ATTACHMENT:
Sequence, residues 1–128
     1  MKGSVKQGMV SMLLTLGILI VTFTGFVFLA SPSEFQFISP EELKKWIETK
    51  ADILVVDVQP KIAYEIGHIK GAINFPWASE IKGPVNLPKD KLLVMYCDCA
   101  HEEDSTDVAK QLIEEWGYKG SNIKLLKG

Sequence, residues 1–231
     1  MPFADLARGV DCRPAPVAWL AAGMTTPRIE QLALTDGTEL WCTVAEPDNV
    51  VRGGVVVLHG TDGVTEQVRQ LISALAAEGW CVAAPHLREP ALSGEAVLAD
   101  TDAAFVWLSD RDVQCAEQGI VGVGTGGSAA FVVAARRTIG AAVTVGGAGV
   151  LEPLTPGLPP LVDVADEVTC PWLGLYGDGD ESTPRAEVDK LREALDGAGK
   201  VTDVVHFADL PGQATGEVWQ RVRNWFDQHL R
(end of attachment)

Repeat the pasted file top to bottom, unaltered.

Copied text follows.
Sequence, residues 1–128
     1  MKGSVKQGMV SMLLTLGILI VTFTGFVFLA SPSEFQFISP EELKKWIETK
    51  ADILVVDVQP KIAYEIGHIK GAINFPWASE IKGPVNLPKD KLLVMYCDCA
   101  HEEDSTDVAK QLIEEWGYKG SNIKLLKG

Sequence, residues 1–231
     1  MPFADLARGV DCRPAPVAWL AAGMTTPRIE QLALTDGTEL WCTVAEPDNV
    51  VRGGVVVLHG TDGVTEQVRQ LISALAAEGW CVAAPHLREP ALSGEAVLAD
   101  TDAAFVWLSD RDVQCAEQGI VGVGTGGSAA FVVAARRTIG AAVTVGGAGV
   151  LEPLTPGLPP LVDVADEVTC PWLGLYGDGD ESTPRAEVDK LREALDGAGK
   201  VTDVVHFADL PGQATGEVWQ RVRNWFDQHL R